Thursday, April 30, 2015

I support composting at U-M, but what exactly does that mean?

As members of the University of Michigan community, we all encourage the composting of food waste and other biodegradable materials on campus. But do we know that composting is already happening in certain parts of campus? Or where can we compost our food waste? Or what composting really is?
First off...what is composting?
Let's make sure we all have a basic understanding of what composting is before we discuss how it can be implemented. Composting is a purposefully managed natural process,  during which organic materials (i.e. food waste, yard waste, plants, etc.) decompose into a nutrient-rich substance known as "compost," which is effectively used as a soil in local gardens and farms. So, your banana peel isn't "compost," but rather food waste that, if disposed of properly, can be turned into compost.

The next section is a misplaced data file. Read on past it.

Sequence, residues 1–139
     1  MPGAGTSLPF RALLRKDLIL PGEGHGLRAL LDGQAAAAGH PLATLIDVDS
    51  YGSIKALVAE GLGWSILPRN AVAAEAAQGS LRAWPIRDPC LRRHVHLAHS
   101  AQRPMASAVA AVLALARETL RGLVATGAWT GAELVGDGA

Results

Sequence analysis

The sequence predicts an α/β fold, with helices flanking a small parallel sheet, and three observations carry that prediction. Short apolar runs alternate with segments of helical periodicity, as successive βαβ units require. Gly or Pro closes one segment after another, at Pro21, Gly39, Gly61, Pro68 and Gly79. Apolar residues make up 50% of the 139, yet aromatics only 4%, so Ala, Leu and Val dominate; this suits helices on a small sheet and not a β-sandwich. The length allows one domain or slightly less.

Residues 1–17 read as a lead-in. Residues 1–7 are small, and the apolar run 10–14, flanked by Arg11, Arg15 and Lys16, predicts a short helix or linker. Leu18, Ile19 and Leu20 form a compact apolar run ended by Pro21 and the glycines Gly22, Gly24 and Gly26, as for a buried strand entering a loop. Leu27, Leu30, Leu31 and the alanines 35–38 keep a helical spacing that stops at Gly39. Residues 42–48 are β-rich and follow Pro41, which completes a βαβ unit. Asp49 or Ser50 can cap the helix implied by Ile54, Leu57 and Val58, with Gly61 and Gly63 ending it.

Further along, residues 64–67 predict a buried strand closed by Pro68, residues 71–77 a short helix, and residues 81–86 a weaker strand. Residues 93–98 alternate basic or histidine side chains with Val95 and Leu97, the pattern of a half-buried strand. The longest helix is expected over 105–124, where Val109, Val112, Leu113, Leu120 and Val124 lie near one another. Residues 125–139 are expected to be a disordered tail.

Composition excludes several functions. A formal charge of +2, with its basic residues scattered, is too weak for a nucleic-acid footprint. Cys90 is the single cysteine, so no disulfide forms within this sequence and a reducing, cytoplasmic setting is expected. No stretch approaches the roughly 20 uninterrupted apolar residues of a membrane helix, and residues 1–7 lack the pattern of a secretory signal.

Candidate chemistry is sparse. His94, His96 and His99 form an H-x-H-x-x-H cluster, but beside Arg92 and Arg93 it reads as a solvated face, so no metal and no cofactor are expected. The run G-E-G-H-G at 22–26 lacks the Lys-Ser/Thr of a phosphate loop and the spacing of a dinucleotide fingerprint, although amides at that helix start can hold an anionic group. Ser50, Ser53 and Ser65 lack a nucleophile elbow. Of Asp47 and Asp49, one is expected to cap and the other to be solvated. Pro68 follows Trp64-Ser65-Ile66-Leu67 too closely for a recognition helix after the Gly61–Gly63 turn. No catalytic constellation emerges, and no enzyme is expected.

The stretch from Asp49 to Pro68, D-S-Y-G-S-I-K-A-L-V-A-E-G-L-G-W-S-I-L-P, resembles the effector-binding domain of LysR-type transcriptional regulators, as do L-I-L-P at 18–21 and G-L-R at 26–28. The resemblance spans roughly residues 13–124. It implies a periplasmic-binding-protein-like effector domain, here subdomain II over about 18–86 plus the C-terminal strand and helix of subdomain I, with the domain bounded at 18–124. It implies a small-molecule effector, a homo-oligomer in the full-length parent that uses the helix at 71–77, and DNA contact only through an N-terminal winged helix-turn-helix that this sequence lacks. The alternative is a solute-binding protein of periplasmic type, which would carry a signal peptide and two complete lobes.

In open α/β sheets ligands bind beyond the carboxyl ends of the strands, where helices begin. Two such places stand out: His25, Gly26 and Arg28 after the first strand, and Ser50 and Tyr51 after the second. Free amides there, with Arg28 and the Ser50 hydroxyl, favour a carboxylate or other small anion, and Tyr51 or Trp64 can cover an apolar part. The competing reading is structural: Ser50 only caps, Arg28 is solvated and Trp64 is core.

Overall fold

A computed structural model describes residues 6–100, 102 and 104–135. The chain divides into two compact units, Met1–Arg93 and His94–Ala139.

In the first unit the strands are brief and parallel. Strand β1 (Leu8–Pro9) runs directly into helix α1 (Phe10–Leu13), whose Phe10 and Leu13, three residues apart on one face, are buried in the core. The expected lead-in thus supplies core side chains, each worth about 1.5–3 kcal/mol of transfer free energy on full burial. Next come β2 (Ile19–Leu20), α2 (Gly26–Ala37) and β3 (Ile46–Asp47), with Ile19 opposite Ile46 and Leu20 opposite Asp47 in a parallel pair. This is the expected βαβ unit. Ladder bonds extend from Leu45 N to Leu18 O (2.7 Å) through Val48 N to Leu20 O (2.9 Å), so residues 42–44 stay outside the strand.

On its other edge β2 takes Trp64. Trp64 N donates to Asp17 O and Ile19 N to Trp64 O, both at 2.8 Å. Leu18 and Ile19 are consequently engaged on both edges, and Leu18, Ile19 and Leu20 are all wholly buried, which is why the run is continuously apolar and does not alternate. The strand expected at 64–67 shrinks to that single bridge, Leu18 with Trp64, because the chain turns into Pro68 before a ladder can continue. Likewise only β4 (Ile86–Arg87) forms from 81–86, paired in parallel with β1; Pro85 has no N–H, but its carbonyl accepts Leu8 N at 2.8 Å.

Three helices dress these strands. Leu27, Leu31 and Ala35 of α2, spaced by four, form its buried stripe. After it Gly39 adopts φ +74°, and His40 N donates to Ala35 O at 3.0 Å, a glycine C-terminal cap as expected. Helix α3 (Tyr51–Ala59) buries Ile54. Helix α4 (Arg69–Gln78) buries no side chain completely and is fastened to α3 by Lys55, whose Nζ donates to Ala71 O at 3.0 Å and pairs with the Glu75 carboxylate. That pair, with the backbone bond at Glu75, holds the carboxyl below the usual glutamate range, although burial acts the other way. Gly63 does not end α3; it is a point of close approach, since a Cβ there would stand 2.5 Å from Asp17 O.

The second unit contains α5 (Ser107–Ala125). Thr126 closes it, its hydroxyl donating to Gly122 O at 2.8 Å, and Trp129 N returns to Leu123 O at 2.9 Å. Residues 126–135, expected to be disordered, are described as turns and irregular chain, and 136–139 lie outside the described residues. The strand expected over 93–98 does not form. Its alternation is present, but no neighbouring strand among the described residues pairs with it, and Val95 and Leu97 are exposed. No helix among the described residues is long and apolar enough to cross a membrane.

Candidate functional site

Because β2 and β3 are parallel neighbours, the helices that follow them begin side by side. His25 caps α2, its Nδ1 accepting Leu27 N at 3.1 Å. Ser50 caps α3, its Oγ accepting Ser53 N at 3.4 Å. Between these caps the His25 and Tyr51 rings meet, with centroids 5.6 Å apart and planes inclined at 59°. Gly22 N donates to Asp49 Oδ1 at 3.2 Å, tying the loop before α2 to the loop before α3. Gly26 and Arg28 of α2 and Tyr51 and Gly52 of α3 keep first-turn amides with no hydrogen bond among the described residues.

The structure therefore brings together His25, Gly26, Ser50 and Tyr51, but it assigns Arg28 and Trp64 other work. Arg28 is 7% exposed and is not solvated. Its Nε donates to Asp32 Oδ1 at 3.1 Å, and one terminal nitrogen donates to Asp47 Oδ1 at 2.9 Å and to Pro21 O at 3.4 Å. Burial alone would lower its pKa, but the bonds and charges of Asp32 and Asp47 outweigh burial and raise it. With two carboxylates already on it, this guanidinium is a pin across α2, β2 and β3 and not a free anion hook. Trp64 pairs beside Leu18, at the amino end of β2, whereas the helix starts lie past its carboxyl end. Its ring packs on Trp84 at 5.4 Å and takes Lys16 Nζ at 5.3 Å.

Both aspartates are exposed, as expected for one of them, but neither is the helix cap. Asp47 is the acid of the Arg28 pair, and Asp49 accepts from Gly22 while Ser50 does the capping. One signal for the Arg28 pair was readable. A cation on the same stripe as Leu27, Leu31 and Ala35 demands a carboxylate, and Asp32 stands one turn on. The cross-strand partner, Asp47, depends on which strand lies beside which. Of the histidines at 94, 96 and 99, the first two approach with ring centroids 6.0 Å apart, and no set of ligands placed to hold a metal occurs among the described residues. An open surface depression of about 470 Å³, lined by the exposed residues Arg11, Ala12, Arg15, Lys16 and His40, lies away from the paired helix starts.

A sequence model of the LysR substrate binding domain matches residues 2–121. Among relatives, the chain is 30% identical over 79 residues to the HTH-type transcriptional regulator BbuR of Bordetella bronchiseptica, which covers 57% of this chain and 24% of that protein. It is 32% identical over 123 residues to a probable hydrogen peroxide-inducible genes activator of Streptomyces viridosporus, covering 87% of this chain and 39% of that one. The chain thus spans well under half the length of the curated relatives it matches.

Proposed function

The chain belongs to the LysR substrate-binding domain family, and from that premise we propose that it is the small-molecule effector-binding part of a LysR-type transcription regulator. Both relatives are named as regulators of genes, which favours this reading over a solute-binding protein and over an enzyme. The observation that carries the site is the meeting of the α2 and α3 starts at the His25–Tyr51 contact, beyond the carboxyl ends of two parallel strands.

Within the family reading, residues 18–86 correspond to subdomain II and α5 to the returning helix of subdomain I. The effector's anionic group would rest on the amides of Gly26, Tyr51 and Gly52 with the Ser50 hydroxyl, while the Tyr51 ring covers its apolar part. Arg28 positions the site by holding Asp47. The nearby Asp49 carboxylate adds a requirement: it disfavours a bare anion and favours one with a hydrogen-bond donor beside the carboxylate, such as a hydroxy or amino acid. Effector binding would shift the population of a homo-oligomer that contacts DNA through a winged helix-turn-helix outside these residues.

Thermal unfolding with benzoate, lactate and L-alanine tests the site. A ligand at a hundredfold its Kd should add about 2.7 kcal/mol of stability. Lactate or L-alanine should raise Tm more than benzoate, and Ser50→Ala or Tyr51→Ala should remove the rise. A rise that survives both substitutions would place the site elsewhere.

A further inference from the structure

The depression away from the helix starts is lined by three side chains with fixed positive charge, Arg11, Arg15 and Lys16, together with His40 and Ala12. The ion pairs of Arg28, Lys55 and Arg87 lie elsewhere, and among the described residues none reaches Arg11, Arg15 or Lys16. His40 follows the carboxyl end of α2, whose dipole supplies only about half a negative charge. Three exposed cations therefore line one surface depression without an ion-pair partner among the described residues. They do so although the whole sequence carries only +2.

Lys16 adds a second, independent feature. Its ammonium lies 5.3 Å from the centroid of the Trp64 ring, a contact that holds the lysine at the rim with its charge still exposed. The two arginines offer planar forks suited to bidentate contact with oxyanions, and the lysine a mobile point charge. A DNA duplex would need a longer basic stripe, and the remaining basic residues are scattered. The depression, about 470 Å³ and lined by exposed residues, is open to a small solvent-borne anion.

Quick note: Composting is distinctly different from decomposition and                 
         biodegradation. For an item to be compostable, it must break down within 180 
         days. For an item to be biodegradable, it simply must break down "over a period of 
         time," and an item only decomposes if it is organic and not purposefully managed.
Another important distinction to note is between pre- and post-consumer waste.

Pre-consumer waste: Material that is discarded before it is ready for consumer use. For example, if a restaurant prepares a fruit salad with an orange in it, the orange peel would be an example of pre-consumer waste.